Beijing admonished foreign governments for “interfering” in Hong Kong protests a day after G-7 summit leaders expressed concern about the region and appealed for a peaceful resolution to the ongoing political crisis.
“I would like to say to the G-7 members, stop your impertinent meddling in pursuit of a hidden agenda,” Geng Shuang, China’s foreign ministry spokesperson, said at an Aug. 27 press conference. He added that China “will manage [its] own affairs properly.”
On Monday, seven industrialized nations, including Britain, Canada, France, Germany, Italy, Japan, and the United States, issued a collective statement at the G-7 summit asking China to abide by the Sino-British Joint Declaration.
The 1984 bilateral treaty was drafted to stipulate how Hong Kong’s sovereignty would be transferred from Britain to China in 1997, whereby both sides agreed to retain the territory’s autonomy and freedoms not afforded in the mainland, under the “one country, two systems” model.
“The G-7 reaffirms the existence and the importance of the 1984 Sino-British agreement on Hong Kong and calls for avoiding violence,” according to a statement issued at the conclusion of the G-7 summit in France.
Also on Monday, British Prime Minister Boris Johnson delivered a speech at the G-7, where he stated that the seven countries had a “deep concern” for Hong Kong. Mass protests over a controversial extradition bill and police-civilian clashes have rocked the city in recent months.
“The G-7 nations all want to support a stable and prosperous Hong Kong. And we remain collectively committed to the ‘one country, two systems’ framework,” Johnson said.
Western governments have voiced their concerns about the Chinese regime’s recent threats of sending troops to quash protests in Hong Kong, and have called on the Chinese regime to honor promises it made in the Sino-British Joint Declaration.
U.S. Vice President Mike Pence urged on Aug. 19 that China “act in a humanitarian manner” and hinted at the importance of the Hong Kong issue for ongoing trade negotiations between China and the United States.
“For the United States to make a [trade] deal with China, Beijing needs to honor its commitments, beginning with the commitment China made in 1984 to respect the integrity of Hong Kong’s laws through the Sino-British Joint Declaration,” Pence said in a speech given at the Detroit Economic Club.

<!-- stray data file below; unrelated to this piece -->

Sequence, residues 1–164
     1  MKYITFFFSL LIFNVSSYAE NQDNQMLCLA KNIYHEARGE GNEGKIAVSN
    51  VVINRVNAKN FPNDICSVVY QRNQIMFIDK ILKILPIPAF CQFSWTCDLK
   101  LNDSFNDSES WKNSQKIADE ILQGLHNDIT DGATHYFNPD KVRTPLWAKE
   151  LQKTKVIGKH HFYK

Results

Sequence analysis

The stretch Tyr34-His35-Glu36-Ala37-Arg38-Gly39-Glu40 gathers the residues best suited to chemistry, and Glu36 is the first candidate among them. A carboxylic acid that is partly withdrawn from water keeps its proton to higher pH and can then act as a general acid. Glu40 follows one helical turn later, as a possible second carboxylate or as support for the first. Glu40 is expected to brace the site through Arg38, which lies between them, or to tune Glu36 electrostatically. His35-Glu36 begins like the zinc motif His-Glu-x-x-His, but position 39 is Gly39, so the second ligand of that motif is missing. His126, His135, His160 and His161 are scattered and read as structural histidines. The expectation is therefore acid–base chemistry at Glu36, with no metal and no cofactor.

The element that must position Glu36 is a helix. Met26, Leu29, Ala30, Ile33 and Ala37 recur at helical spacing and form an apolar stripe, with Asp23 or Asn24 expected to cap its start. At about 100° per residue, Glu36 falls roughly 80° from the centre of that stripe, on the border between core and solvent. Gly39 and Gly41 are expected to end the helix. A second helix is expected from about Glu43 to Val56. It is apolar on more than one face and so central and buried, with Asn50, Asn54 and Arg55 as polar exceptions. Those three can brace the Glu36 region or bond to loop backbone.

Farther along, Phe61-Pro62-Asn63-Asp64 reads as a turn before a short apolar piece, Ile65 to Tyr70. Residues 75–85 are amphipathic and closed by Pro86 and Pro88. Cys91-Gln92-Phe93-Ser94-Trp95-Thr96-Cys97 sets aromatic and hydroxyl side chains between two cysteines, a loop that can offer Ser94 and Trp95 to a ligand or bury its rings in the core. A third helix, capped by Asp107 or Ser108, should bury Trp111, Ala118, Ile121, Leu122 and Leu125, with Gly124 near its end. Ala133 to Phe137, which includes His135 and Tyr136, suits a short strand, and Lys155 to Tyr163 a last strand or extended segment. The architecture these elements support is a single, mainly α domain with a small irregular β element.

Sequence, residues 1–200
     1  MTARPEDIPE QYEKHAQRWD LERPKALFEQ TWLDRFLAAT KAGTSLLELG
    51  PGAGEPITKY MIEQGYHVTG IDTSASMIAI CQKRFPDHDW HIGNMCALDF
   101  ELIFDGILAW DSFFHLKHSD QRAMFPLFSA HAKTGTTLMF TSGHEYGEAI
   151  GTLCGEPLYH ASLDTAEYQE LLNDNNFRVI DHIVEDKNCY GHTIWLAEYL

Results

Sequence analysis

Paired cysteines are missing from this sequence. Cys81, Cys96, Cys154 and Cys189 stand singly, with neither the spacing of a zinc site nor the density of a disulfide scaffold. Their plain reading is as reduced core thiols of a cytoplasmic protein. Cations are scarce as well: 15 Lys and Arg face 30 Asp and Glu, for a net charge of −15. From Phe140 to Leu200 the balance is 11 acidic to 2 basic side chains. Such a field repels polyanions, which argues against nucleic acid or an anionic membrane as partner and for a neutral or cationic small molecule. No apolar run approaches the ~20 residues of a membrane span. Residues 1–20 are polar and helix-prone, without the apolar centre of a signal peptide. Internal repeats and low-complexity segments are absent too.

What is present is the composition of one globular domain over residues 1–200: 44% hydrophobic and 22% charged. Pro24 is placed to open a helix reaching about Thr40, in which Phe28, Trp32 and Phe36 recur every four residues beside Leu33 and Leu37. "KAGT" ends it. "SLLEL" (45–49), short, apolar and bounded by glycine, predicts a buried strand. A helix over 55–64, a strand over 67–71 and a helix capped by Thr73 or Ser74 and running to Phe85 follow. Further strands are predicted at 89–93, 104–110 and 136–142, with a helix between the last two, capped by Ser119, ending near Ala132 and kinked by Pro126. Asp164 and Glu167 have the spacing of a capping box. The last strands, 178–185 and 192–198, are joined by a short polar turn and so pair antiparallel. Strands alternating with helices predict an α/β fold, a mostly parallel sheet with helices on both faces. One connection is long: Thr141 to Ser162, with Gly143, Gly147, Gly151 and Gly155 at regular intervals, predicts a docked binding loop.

Responding to Pence’s remarks, China’s state-run broadcaster China Central Television in its evening primetime news program claimed that the treaty had “become a historical document” upon Hong Kong’s transfer of sovereignty—a claim that the Chinese regime has used in the past when attacking countries such as the U.K. and the United States that expressed concerns about China’s encroachment over Hong Kong affairs. The U.K. government has stated on multiple occasions that the declaration is still legally binding.
President Donald Trump at the G-7 summit also showed tacit support for Hong Kong by putting it in the context of the Sino-U.S. trade war.
Commenting on Chinese Vice Premier Liu He’s statement that he hoped for a “calm resolution” in the trade dispute, Trump said that Liu’s statement also sent a positive message for Hong Kong.
“I think it makes it easier for Hong Kong to do something. And I think that President Xi will do something with Hong Kong. I really think that message is a good message with respect to what the ultimate outcome is in Hong Kong,” Trump said.
Epoch Times reporter Frank Fang contributed to this report.